This Principal is an experienced school leader but with just under five years at this school. She has previously provided leadership in system-level settings and has authored texts in areas of teaching and learning, especially around Literacy. The small executive team is inexperienced but mostly positive about their work. However, their demeanour and language tends to reinforce the perception that ‘these kids can’t do high-level schooling’. The various capabilities of staff, or lack thereof, constrain significant growth in student achievement generally, however, the teachers are kind, caring and genuinely interested in the students’ wellbeing. The Principal, by having a really ‘hands-on’ leadership approach during her first few years at the school has reshaped the teaching of literacy skills, especially in the early secondary school context, to improve outcomes as measured in the ‘National Assessment of Literacy and Numeracy’ testing. Another positive characteristic she has inspired is for teachers to regularly share fabulous stories of successful children and young people who are luminaries as graduates of the school. She is also very much aware of the value to be realised through ‘networking’.

No doubt, this school, the teachers, children and young people, and indeed, the whole community, are fortunate to have this Principal in their midst. She is one who holds dear the notion of ‘Equity’, which has also been at the forefront of ICP’s endeavour over many years. She is the one, who in partnership with ICP and the Ed Institute team, will drive a revitalization in this community where people live, work, study and play, but who are casualties of inequity. Undeniably, an exacting adventure lies ahead for this creative leader.

On the Ed Institute website, they profess… “At the Ed Institute, we recognise young people as the next generation of leaders, change makers, innovators and disruptors.” This team brings a Design Thinking process to the collaboration, a process that will help the Core Design Team focus upon developing a sound understanding of the complex issues facing the community and the school. The work will include spending time talking with the students, school and community leaders, as well those key community members who have had either significant success or deep disappointment, to gauge what perspectives they hold about the past, present and future. The emphasis will be on understanding the impacts of experiences such as those described earlier in this blog and, the lack of opportunity, aspiration and expectation afforded to and held by the young people in particular. The plan is for the voice of the young people to inform the shaping of a new and different future for the town, for themselves, and their children, and their grandchildren. The students will be the generational change-makers.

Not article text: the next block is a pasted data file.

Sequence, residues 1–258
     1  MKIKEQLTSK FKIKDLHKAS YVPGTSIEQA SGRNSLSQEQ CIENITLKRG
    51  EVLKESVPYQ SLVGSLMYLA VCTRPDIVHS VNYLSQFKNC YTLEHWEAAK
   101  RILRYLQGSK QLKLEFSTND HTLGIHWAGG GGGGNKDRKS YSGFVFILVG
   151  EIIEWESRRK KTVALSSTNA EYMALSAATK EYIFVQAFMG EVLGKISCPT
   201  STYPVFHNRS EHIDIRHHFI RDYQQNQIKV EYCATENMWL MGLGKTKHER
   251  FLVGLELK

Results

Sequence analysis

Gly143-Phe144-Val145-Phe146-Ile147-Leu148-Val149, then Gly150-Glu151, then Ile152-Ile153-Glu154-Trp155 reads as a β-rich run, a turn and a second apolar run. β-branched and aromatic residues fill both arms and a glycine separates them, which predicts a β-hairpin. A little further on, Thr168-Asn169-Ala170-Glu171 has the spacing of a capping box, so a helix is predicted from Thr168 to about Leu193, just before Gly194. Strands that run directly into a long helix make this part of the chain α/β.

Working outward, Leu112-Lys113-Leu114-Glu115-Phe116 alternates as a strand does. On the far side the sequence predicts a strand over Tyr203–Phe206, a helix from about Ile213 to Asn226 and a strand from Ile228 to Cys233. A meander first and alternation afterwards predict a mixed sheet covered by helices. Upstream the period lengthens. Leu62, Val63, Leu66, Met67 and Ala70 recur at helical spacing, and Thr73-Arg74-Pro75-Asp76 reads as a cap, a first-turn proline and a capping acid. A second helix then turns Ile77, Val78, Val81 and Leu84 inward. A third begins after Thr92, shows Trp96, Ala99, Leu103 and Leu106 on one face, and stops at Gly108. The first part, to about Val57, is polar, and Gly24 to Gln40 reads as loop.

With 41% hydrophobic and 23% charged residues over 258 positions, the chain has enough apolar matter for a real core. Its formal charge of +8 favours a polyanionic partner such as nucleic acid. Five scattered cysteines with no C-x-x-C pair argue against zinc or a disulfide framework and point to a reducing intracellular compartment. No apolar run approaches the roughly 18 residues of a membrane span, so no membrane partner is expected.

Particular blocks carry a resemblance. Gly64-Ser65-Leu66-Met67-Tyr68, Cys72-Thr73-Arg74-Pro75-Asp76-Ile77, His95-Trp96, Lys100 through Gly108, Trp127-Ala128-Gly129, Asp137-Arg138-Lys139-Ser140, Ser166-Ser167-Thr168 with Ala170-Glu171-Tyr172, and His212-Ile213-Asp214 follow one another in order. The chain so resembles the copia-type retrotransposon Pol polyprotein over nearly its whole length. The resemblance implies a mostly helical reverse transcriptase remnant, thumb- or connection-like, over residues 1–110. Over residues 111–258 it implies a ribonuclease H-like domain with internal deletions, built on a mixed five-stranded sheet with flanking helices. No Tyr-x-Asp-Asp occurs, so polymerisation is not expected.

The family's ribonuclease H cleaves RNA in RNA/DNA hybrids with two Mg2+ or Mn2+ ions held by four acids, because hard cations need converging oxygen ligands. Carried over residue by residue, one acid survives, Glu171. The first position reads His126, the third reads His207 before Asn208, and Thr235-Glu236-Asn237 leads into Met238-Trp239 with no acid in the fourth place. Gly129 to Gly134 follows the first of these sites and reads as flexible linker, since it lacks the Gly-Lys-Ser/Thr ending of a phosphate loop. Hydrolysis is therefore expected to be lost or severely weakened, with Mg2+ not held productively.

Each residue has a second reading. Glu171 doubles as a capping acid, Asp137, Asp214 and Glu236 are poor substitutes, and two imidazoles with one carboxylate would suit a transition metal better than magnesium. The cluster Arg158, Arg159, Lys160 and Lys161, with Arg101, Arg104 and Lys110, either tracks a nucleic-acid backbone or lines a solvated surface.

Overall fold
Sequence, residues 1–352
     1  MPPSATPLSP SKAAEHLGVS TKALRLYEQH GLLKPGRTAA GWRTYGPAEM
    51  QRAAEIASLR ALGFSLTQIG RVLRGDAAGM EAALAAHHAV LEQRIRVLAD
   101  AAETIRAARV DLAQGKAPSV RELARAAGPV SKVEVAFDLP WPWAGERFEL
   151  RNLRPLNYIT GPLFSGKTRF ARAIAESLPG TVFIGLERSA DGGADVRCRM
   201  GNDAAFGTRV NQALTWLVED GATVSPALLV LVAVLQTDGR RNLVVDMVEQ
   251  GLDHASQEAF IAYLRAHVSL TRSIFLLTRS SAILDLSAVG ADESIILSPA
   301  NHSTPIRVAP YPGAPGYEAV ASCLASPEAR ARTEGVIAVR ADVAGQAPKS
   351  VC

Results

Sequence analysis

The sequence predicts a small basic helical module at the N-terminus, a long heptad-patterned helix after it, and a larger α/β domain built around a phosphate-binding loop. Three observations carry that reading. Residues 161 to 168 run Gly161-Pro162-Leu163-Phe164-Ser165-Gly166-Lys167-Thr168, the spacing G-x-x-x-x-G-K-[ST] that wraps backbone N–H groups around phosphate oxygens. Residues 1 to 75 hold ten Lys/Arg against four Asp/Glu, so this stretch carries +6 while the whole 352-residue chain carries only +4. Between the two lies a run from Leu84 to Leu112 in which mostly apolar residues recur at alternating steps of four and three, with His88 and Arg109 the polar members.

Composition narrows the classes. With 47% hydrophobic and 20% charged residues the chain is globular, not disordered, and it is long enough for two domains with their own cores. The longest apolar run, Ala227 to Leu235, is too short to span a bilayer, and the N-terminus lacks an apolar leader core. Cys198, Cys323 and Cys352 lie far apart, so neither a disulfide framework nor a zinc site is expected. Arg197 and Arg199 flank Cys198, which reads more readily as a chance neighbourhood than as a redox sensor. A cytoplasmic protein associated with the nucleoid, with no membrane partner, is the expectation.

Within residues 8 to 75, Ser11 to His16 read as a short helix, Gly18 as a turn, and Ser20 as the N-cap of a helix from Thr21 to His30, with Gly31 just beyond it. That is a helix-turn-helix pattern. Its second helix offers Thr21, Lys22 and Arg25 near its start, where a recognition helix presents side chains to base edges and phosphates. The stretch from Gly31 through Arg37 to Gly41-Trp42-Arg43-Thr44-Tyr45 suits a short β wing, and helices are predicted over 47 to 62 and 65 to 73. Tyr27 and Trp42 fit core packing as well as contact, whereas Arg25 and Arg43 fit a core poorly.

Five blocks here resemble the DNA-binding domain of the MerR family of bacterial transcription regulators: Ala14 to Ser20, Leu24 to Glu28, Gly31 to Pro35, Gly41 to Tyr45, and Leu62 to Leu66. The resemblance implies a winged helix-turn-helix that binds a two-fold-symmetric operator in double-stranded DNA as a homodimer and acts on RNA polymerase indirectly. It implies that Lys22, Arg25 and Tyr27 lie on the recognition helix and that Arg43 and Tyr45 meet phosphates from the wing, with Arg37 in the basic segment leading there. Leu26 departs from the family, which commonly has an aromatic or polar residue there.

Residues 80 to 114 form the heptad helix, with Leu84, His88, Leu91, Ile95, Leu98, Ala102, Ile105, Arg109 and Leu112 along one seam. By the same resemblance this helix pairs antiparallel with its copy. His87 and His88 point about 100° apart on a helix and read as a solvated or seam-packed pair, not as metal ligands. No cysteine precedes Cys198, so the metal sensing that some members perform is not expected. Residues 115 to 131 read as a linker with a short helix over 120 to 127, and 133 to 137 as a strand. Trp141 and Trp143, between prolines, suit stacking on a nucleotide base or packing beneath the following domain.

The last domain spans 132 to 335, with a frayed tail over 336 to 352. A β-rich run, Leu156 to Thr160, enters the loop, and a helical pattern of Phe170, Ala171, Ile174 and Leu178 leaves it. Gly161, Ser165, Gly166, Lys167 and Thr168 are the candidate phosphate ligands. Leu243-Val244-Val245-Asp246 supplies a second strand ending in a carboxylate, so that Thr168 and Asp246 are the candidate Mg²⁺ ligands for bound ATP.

Perhaps the moral of this story is that in every crisis, there is an opportunity. At least, this is how this creative leader sees the current global pandemic. This blog really just is about the start of a much longer story. In fact, we may never tell the ending. We do hope that the narrative that we compose along the way will inspire other creative leaders to help their communities to see a better future. ICP plan to provide a ‘playbook’ that can inspire and inform other leaders to help forge a pathway to a more prosperous future.

But for now, as this expedition begins for this Principal, for ICP, and for the Ed Institute team, it is a matter of us noting another of Sir Ken’s provocations;

For most of us the problem isn’t that we aim too high and fail. It’s just the opposite: we aim too low and succeed.”

and take the inherent lesson, ‘We must aim high’!